Featured #17: Dino Kužnik
Personal intro. I am a 28 years old Slovenian, currently working as a designer in San Francisco and taking pictures in my spare time. I always carry a camera with me as you never know, when the decisive moments will happen and try to capture things, people, situation,… that I find interesting. I mostly shoot film, but am also a digital shooter. Street and documentary photography is something that is very dear to me and I adore the masters like Henri Cartier-Bresson, Robert Frank, Robert Cappa, … but I also find new artists and techniques or rather exploration of the medium interesting. I think content is so much more important than all the technicalities, quality and bokeh everyone is so into these days. As I see it - film produces a picture with character, with it’s own persona …. it may not be as sharp, bokehlicious, flare free as it’s digital counterpart, but to me - it has a soul.
Your personal story with photography. I grew up in a town called Kočevje where my first run in with photography happened. My grandfather was a big fan of National Geographic magazine which he got subscribed to in the late 60s and by the time I was born, all of his book shelves were covered in yellow. I used to spend my childhood looking at all the photographs in the magazine where I got attached to the medium. He also had a couple of cameras, which I fiddled with … this old Praktica MTL3 and a very old Exa from his student days.
When I got to college in Ljubljana, I got very much involved in photography and bought my first digital SLR. Later I started working as a journalistic photographer and assistant and did that for about 3 years. Studying design, I was very torn up between the two and later got a job as designer, which took me to San Francisco, where I am now.
What did you want to become in the childhood? I guess it was in this order … scientist, pilot, professional skateboarder, guitarist.
The favorite photograph you took? I would have to say this black and white one of a man crossing the bridge in Ljubljana.
I really don’t know why. Maybe because of the feeling I get when I see it. Photographers usually (in my case) tend to look at their pictures differently because we have emotional attachment bound to them and this picture evokes a feeling of melancholy in me not like any other I made.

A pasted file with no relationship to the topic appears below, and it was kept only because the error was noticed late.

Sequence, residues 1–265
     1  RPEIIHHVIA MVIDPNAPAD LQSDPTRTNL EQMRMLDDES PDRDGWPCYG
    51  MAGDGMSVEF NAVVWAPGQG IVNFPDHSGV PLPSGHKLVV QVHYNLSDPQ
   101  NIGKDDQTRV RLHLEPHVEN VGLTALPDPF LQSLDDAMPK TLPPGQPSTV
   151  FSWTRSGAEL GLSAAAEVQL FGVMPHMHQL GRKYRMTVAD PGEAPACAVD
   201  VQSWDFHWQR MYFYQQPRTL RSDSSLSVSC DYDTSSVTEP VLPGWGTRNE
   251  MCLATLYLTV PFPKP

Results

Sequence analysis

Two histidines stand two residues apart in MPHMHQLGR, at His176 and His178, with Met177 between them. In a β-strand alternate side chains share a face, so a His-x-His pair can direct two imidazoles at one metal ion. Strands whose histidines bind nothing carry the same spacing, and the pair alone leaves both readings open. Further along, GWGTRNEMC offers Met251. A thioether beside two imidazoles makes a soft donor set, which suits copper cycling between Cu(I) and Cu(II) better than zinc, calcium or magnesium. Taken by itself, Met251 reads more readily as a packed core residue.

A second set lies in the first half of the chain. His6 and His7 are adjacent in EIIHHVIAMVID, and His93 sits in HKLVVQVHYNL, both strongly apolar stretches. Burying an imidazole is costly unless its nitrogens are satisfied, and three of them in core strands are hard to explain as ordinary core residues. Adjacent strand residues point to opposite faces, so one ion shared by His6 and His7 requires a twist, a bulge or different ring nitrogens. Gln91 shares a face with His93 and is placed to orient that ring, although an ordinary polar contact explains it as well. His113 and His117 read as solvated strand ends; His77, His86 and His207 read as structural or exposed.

I waited for this guy to come in to frame for about 2 hours ….maybe that’s why. I can’t really explain it.
And the craziest thing you ever did as a photographer? There have been quite a few crazy or rather dangerous things that happened. One time a car almost hit me, so I try to be aware of the surroundings more when shooting. This other time one man wanted to beat me up, because I took his picture across the street and I had to came up with excuses … but it worked. I try to not to be invasive, but sometimes I just can’t help myself.
What do you want to achieve? I do have plans to be in the field of photography my whole life in one way or another. I am happy with where I am now, but would like to focus more attention to it one day and till then grow as much as a photographer as I can. So I would say I want to achieve some kind of recognition and I would really like to publish a book someday. But for the main part I just never want to stop taking pictures, because that’s what makes me whole.
What do you think is the greatest power of photography? I think that a photograph has tremendous power, not only to document or inform, but to invoke emotion and transport us to the other places, worlds, states of mind. It really is something special.
Your camera bag? I carry a film point and shoot camera with me all the time, but other than that it depends on what I am shooting. Here are the cameras I use regularly and my favourite on the photo:
Olympus Mju2/Stylus Epic
iPhone 5 Camera
There are also other things I carry with me:
LUMU light meter … always in my bag :)
A lot of film (Kodak Portra 400 & 160, Fujifilm Superia 400, Kodak Tri-X 400, …)
Glass Prism (for bending light in front of the lens)
About the photographs you are sharing with us, are you working on any special projects? I am sharing a couple of my favourite images with you…these are all images from the streets or places I visited and shoot on film. I am working on a couple of series and have quite a few ideas about new things I wish to do, but as my time is limited, this ideas tend to move quite slowly to the point of realisation.
If you could give one piece of advice to fellow photographers, what would it be?
- Be patient and observe. Good pics happen to those who wait.
- Everyone has to fail to succeed, so embrace failure as part of the process and never give up.
- There is this quote from Robert Cappa I really like and would like to end this with : ”If your pictures aren’t good enough, you aren’t close enough”.